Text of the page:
WBUR entering Cape Cod market with purchase of WMVY

Boston NPR news station 90.9 WBUR-FM is wading into the Cape Cod resort market and going toe-to-toe with WGBH’s network of stations with its planned purchase of 92.7 WMVY-FM on Martha’s Vineyard. WBUR is buying the Tisbury, Mass.-based station for an undisclosed amount from Housatonic, Mass.-based Aritaur Communications Inc. The sale is expected to close in early 2013 pending FCC approval. Now broadcasting an adult alternative format, WMVY, known as mvyradio, will switch to WBUR’s news format, reaching up to 60,000 listeners with a 3,000-watt signal. The market includes Cape Cod, Martha’s Vineyard, and coastal towns including New Bedford, Fall River, Falmouth and Westport. “We believe that the islands, Cape Cod and SouthCoast are important parts of the community we cover and serve," said WBUR General Manager Charlie Kravetz, in a statement.

WBGO chief engineer David Tallacksen, left, and news director Doug Doyle kept the jazz station broadcasting during Superstorm Sandy from a makeshift studio in Tallacksen's apartment. (Photo: Andrew Meyer)

Pubcasters battered by Superstorm Sandy

When Superstorm Sandy slammed into the most populated region of the United States Oct. 29, claiming at least 90 lives and wreaking havoc on everything in its path, public broadcasting stations along the Eastern Seaboard couldn’t escape the storm’s wrath.

Great Expectations exceeds expectations by winning four of PBS’s 11 Creative Arts Primetime Emmys

As a Masterpiece production competing against other miniseries, movies and specials, Great Expectations received Emmys for outstanding achievement in costume design (Annie Symons, Yvonne Duckett), art direction (David Roger, Paul Ghirardani, Jo Kornstein), main title design (Nic Benns, Rodi Kaya, Tom Browich) and cinematography (Florian Hoffmeister). In addition, the Masterpiece production Page Eight won an Emmy for original main title theme music (Paul Englishby). Other PBS winners included the Independent Lens production Have You Heard From Johannesburg, a seven-part series about the global anti-apartheid movement that received a juried award for exceptional merit in documentary filmmaking. Cited were Connie Field, producer; Lois Vossen, series senior producer; and Sally Jo Fifer, executive producer. Geoffrey Ward received the Emmy for nonfiction writing for scripting Ken Burns’s Prohibition: A Nation of Hypocrites.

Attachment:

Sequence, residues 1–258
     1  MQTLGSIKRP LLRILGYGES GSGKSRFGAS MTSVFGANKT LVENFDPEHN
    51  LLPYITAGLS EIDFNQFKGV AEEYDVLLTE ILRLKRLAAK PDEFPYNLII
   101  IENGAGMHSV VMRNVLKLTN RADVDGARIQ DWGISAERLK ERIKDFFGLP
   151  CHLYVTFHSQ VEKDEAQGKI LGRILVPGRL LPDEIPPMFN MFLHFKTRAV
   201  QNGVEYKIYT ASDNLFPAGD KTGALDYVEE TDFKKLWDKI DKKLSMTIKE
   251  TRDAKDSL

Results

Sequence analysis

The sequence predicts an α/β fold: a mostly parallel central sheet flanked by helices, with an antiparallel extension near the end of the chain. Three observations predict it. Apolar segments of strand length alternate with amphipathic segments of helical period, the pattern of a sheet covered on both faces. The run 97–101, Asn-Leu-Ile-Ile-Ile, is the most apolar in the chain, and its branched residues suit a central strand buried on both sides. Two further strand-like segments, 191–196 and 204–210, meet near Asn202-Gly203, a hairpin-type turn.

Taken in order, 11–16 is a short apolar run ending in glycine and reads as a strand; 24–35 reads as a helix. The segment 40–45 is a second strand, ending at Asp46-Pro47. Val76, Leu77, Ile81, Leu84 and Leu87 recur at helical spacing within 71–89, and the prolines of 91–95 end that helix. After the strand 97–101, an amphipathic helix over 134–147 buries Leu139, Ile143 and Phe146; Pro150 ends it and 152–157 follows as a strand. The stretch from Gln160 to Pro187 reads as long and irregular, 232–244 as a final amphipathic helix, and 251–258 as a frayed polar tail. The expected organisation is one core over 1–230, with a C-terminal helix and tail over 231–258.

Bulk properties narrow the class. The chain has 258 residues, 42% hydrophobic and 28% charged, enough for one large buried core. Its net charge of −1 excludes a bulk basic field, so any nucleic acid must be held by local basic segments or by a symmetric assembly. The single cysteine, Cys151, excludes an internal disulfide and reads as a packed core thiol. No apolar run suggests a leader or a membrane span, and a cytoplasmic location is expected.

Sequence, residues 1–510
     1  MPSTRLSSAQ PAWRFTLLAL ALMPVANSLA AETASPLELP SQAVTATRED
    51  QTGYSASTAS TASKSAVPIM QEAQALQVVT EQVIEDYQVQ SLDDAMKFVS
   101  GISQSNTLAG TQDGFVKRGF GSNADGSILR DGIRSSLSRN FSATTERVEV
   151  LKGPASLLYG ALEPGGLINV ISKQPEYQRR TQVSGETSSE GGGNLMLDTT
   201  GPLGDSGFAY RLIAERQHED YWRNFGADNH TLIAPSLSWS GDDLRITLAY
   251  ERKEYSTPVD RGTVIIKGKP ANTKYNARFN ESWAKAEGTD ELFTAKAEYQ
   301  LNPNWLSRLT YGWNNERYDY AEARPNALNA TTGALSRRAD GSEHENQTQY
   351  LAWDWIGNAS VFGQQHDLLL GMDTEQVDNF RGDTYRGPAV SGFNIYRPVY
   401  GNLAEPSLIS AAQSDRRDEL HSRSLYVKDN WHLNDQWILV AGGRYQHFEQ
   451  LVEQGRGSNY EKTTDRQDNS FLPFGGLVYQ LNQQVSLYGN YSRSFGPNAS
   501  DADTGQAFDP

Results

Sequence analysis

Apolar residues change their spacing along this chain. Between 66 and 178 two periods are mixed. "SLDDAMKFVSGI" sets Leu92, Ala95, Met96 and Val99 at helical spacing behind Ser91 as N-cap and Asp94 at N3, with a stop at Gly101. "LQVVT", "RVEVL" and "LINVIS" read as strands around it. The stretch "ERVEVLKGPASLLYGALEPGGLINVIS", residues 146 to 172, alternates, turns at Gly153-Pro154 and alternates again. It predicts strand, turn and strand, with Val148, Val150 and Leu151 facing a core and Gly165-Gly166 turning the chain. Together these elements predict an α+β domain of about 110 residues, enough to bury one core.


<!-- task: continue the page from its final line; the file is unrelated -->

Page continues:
Roger Fisher, creator of The Advocates on pubTV, dies at 90

Roger Fisher, a Harvard law professor who developed the Emmy-and Peabody Award–winning public TV program The Advocates, died Aug. 25 in Hanover, N.H. He was 90. His son Elliott told the New York Times that the cause of death was complications from dementia. Fisher proposed The Advocates in 1969, as a co-production of WGBH in Boston and KCET in Los Angeles. The show was one of the first projects at WGBH for Peter McGhee, who went on to become an influential head of national productions at the station.

New Hampshire PTV, WGBH announce collaboration

New Hampshire Public Television and WGBH in Boston announced today a collaboration in both programming and back-office tasks. The two said in a statement that each will remain independently owned and operated stations. They have posted a website to explain the upcoming changes to viewers in both states. NHPTV will contract for services in broadcast technologies, membership services and financial administration, which will allow for financial savings that may be redirected to programming, the announcement said. "The collaboration will provide operational economies, which are key to NHPTV’s continued success following the loss of its state funding and its transition from an entity of the University System of New Hampshire to an independent, community-licensed public media organization," it said.

Newsroom of PRI's "The World" radio news program at WGBH

WGBH widens radio reach with PRI acquisition

WGBH’s acquisition of Public Radio International, announced July 26, positions the station and network to step up their longtime collaboration as co-producers.. PRI will remain operationally independent ... and be responsible for raising its own revenue...

WGBH, the top producer of PBS programs, now owns Public Radio International

In a move signalling its ambitions to extend its clout and influence in public radio, Boston's WGBH has acquired Public Radio International, the Minnesota-based program distributor of radio programs such as This American Life, The World and The Takeaway. Financial terms of the deal have not been disclosed, but the sale will help to stabilize the nonprofit program distributor PRI, which ran an operating deficit of $2 million in 2011, according to PRI spokesperson Julia Yager. "This is a deal borne out of shared visions," Yager said in an interview with Current. PRI began examining its options last year as its leadership considered the implications of various funding scenarios for public media. PRI looked for partners to help it continue distributing radio programming and found that WGBH was best aligned with its own mission and values.

Output: Bitton’s homage to Piaf, STEM rock tunes from PBS, where 5-year-olds hide evidence (on PRX), and more

Decades ago, a teenaged Raquel Bitton locked herself in her San Francisco bedroom, suffering miserably from her first broken heart. Her only comfort was an album by Edith Piaf, the diminutive French chanteuse known as “the Little Sparrow.”

“It is the love that you love,” Piaf sang in “C’est L’amour.” “It is love that makes you dream. It is love that wants love. It is love that makes us cry.”

“I listened to it all and came out of my room with a decision to get onstage and sing — and to love again,” Bitton said. “I put together a little revue singing Piaf’s songs, telling pieces of her stories.